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A restraint of trade clause is a term in a contract that limits a person’s ability to compete, work for a competitor, use information and solicit staff and clients for a period of time. A restraint of trade clause may appear in an employment contract, deed of release, business sale agreement or a contractor’s agreement.

In this article, we’ll take a look at restraint of trade clauses, explain what they are and how they operate from a commercial and legal perspective.

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Author: Farrah Motley, a Solicitor of the Supreme Court of Queensland.

What is a Restraint of Trade Clause?

A restraint of trade clause does just that; it restrains the person agreeing to it from doing something in relation to trade (including employment) for a certain period of time. Restraint clauses are also generally limited to a particular location (for instance, a suburb, city or country).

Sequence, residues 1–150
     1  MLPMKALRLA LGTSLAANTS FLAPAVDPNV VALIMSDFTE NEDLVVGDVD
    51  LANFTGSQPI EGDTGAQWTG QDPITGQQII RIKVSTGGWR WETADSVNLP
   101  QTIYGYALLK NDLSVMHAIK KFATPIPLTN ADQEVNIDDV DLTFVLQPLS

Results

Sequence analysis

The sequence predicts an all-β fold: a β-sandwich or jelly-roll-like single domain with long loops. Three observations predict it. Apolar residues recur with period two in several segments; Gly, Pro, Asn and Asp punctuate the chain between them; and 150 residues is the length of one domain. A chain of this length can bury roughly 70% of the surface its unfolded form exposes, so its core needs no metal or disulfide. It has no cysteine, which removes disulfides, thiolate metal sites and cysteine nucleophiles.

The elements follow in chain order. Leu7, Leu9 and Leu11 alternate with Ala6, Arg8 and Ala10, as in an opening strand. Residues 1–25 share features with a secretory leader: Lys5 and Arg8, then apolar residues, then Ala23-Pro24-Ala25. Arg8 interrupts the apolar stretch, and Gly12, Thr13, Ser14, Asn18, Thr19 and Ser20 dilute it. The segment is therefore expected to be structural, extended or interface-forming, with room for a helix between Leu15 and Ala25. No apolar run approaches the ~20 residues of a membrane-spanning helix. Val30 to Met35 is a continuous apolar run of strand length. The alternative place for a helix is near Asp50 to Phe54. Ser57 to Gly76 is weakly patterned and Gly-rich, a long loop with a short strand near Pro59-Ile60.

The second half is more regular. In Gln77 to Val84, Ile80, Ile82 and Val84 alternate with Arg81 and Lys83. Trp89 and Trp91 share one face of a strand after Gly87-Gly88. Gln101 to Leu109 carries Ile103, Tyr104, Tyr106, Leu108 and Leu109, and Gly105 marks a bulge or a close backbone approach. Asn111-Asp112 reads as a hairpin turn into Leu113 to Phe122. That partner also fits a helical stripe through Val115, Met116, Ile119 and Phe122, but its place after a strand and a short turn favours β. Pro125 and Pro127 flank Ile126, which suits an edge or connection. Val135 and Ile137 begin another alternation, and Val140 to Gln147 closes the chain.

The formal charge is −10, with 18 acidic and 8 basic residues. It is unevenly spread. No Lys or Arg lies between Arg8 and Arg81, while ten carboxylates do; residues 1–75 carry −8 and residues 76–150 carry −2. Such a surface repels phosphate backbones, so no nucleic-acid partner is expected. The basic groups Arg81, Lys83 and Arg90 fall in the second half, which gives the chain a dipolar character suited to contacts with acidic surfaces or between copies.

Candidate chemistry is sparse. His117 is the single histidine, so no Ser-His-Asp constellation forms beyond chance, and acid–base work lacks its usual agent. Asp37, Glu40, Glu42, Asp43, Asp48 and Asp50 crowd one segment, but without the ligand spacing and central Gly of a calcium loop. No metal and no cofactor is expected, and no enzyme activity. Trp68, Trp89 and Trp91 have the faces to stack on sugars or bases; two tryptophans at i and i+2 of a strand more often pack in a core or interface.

Restraint of trade clauses can take a number of different forms, including:

  • Non-compete clauses that prevent a person from creating or joining a business which competes their former employer (or, in the case of a contractor, their client) for a certain period of time.
  • Non-solicitation clauses that prevent a person from soliciting their former employer’s clients for a certain period of time.
  • Non-recruitment clauses that prevent a person from approaching (also called ‘soliciting’ or ‘enticing’) a company’s employees and encouraging them to leave that company and join another business.
  • Confidentiality clauses that prevent the use by a person of a former employer’s confidential information.

A Restraint of Trade Clause Must Protect Legitimate Business Interests

In an employment context, a restraint of trade clause that goes beyond what is reasonably necessary to protect a business’s genuine business interests may be unenforceable. In other words, it won’t be worth the paper it’s written on.